Courtesy of the Simmering Bone
Beef broth from the Simmering Bone
After Rachel Collier had her first child, she researched best practices for introducing solid foods to little ones. In the process, bone broth — which is made by simmering bones slowly over a long period of time to extract as many nutrients as possible — came up again and again. Now, it's not only a part of her family's daily diet, it's also the basis for her business, the Simmering Bone
. "It's pretty amazing stuff," she explains.
Collier is a day vendor at the winter Burlington Farmers Market
. She first attended when she founded her business, at the end of 2015, but took a break while pregnant with her second child, who was born eight weeks ago. Last weekend, she returned.
At the market, Collier sells lamb, beef, venison and chicken broth by the quart. She made her hobby into a business because, as happens with many food entrepreneurs, people kept asking her for her product. "My friends would get sick, and I would pass it out," she explains.
The stuff isn't cheap: Her website indicates that the beef broth costs $15, the chicken $17.50. Why? Because the ingredients themselves are pricey. "They cost an arm and a leg," Collier says without a hint of a chuckle. And the cooking process is lengthy. The bones — all but the chicken sourced in Vermont — are from "truly pasture-raised animals," she notes. If the beasts get a grain supplement, Collier makes sure that the grain is organic. She does her cooking at the Mad River Food Hub
Courtesy of the Simmering Bone
Gelled chicken broth from the Simmering Bone
And, save for the chicken, she takes the time to smear the bones with tomato paste, drizzle them with olive oil, and roast them. Then, she soaks them in vinegar for an hour, because that breaks down the calcium and allows more mineral matter to end up in the final product. And, although the broth is intended primarily as nourishment, Collier also pays attention to the flavor, adding herbs, spices and mushrooms as she sees fit.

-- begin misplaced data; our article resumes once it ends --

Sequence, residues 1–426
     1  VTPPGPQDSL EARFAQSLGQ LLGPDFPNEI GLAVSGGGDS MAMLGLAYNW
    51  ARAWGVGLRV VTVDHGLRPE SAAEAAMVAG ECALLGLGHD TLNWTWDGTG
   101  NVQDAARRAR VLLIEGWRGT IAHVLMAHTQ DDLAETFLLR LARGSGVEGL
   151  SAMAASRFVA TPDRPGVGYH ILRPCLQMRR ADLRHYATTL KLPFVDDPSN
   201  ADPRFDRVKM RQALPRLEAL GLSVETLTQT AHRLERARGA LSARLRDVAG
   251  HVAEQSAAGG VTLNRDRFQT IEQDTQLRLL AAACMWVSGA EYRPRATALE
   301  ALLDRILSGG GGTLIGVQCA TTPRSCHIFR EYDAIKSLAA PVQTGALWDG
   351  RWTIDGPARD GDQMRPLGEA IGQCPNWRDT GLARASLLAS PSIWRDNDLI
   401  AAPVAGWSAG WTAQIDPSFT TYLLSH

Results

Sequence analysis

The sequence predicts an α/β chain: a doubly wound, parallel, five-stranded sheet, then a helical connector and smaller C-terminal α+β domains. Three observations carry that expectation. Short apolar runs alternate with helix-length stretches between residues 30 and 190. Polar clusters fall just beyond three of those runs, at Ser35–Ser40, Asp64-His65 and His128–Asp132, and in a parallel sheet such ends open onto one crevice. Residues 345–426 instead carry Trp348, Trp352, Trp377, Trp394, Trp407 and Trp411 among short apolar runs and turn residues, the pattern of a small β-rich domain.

The broth, which she simmers at a low temperature so the collagen remains intact, is intended to be sipped like a drink, rather than turned into a soup. Soon, Collier will add a line of stocks intended as a cooking base, which can be brought to a rolling boil without decreasing their quality.
When she started selling, Collier was pleasantly shocked by the number of people who were in the market for bone broth. That's most likely a result of the paleo diet and the teachings of the Weston A. Price Foundation
. "I thought I'd have to educate people about it. I couldn't believe how many people knew about it and said they'd been waiting for it," she says. So far, two naturopathic doctors have asked Collier if they can sell it from their offices.
She's also in the process of expanding more traditional sales outlets. "I do a local delivery every other week to five towns," Collier says. "Essex, Williston, Burlington, Winooski, and Colchester. I actually go to people's homes." Some clients pick up at the Richmond Park & Ride. And Collier says she's working on getting her product onto local store shelves.